Subject-Based Habits of Mind

Daniel Vollrath (@HabitsofMindInc) is a special education teacher at Hunterdon Central Regional High School in New Jersey, and a United States Professional Development Trainer for the Habits of Mind Institute, with a strong passion for developing curriculum, classroom culture, and mindfulness based on the Habits of Mind. Over the past five years, Daniel has gathered student and teacher reflections with the Habits of Mind which has led to a better understanding in reference to a blend of learning and dispositional thinking.

Daniel will be presenting selected reflections within a monthly series. This blog is part 5 within the series.

Here is a question to ponder, “Is there anything more spectacular than cheese?” Think about it. Cheese can make almost any food more exciting. It is a comfort food that makes you feel warm and bubbly inside while producing your tastebuds to ignite. You can eat cheese hot, cold, in a fondue pot, sprinkled, on a cracker, or even by itself. Plus, cheese comes in a million different varieties and flavors from all around the world. However, the most intriguing aspect of cheese is how it can pair. Let’s face it, certain cheeses when matched together with the right food can create an epicurean experience like no other.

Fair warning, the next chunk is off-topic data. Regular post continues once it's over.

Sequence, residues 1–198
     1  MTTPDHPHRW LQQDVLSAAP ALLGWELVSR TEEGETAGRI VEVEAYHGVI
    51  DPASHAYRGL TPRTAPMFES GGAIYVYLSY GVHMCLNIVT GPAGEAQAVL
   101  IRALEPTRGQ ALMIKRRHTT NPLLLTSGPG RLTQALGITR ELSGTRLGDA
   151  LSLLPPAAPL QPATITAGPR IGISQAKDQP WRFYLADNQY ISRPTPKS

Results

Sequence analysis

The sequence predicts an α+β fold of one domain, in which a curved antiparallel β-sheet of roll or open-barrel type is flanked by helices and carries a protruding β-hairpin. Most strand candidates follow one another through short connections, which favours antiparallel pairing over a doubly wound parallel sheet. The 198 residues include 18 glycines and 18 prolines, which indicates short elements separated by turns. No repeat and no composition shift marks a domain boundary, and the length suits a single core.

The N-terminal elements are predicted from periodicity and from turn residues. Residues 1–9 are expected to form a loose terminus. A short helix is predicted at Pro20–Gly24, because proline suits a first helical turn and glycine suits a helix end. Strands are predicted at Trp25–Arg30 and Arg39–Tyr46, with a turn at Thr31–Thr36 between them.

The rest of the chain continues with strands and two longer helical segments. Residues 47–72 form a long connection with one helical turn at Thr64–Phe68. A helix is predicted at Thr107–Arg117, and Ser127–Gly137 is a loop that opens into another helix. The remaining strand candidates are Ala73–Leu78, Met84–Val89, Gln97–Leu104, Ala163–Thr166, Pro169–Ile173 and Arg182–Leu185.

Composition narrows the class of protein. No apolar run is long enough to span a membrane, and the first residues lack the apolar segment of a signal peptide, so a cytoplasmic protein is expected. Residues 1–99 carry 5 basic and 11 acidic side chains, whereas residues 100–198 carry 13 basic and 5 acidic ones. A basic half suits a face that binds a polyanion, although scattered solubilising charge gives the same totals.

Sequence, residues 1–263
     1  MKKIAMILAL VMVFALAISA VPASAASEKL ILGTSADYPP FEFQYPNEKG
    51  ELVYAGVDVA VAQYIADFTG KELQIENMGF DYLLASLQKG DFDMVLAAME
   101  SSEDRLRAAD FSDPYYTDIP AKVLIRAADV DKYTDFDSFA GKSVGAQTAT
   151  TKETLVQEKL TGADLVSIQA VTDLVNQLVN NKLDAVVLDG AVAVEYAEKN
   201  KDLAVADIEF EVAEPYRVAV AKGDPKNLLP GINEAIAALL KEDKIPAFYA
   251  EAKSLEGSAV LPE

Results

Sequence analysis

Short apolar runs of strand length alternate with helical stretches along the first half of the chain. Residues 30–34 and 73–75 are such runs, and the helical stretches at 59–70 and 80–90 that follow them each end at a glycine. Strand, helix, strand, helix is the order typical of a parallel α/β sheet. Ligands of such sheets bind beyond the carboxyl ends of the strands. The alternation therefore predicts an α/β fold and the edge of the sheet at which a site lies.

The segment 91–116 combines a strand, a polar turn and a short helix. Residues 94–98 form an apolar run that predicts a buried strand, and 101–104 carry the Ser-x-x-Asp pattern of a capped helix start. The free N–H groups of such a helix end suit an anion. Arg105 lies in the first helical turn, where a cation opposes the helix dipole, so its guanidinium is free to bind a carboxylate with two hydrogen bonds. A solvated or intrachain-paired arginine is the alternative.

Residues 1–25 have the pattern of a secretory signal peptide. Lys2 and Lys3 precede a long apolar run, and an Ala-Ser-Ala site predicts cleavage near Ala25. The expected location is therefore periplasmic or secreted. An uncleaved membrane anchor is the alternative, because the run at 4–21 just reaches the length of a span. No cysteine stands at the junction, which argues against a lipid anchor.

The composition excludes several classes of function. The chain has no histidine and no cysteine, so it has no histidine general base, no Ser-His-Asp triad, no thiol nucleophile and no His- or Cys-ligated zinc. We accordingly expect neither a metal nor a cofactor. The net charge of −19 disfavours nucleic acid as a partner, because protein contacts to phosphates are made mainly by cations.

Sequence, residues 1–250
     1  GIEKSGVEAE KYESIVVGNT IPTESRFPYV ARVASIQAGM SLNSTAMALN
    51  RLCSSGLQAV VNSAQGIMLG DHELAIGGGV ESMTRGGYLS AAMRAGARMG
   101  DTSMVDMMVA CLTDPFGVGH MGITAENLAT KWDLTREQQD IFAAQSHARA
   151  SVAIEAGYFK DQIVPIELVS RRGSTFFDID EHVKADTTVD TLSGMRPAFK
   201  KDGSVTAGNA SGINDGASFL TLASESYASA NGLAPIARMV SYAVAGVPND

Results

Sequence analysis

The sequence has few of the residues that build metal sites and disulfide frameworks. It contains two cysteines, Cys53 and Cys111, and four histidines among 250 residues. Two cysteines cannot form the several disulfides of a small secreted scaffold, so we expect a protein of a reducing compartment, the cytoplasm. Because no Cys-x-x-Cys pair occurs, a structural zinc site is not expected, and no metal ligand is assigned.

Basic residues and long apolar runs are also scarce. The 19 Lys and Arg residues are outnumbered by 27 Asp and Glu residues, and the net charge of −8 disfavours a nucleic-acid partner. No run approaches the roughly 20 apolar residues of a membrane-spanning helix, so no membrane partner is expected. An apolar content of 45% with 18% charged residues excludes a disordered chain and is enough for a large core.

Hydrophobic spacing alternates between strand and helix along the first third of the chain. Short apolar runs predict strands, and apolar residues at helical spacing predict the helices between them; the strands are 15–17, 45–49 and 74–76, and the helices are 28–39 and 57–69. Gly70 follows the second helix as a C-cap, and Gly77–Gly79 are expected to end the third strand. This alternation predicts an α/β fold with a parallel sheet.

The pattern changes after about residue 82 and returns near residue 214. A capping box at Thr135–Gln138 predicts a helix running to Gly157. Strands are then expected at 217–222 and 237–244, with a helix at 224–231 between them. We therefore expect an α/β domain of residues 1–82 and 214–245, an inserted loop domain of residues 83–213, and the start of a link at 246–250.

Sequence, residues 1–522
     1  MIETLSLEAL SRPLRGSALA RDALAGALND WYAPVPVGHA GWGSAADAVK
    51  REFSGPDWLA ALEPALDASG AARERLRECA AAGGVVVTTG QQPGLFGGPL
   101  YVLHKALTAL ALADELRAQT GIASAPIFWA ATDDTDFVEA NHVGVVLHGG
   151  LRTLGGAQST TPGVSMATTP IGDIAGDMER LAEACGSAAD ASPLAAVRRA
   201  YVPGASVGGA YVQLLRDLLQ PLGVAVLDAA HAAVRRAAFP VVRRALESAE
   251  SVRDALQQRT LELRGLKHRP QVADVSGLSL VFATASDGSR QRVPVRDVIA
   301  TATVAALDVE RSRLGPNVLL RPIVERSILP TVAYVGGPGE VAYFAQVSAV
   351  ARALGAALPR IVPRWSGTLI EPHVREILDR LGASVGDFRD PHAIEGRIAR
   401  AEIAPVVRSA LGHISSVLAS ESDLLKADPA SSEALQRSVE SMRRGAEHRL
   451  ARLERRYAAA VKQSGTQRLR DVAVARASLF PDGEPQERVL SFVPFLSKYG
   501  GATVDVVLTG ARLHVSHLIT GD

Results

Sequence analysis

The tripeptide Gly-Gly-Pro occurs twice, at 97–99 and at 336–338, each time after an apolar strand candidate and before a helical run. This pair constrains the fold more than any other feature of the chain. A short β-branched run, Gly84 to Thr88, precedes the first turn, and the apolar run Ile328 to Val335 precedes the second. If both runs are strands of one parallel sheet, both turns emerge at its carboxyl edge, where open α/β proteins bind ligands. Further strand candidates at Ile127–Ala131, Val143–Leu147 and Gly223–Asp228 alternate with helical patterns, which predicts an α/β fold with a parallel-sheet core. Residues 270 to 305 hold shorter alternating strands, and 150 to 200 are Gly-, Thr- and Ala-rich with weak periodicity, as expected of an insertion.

So why are we talking about cheese in this blog? Well, the cheese analogy brings forth the idea and importance of “best fit”, in relation to the Habits of Mind and particular subject areas. For example, the pairing of smoked gouda with pears can pleasure almost any palate, as thinking flexibly within an algebra class can increase brain power and ability to solve problems in a variety of ways. Infusing the Habits of Mind into any subject area can be impactful, as they are meant to build productive behaviors and learning. And, as teachers we bring many unique components to the classroom, for example, the ability to be creative and singular in our methods of teaching. The way we run our classroom most likely differs from other teachers just as the Habits of Mind may be more valuable in particular subject areas over others.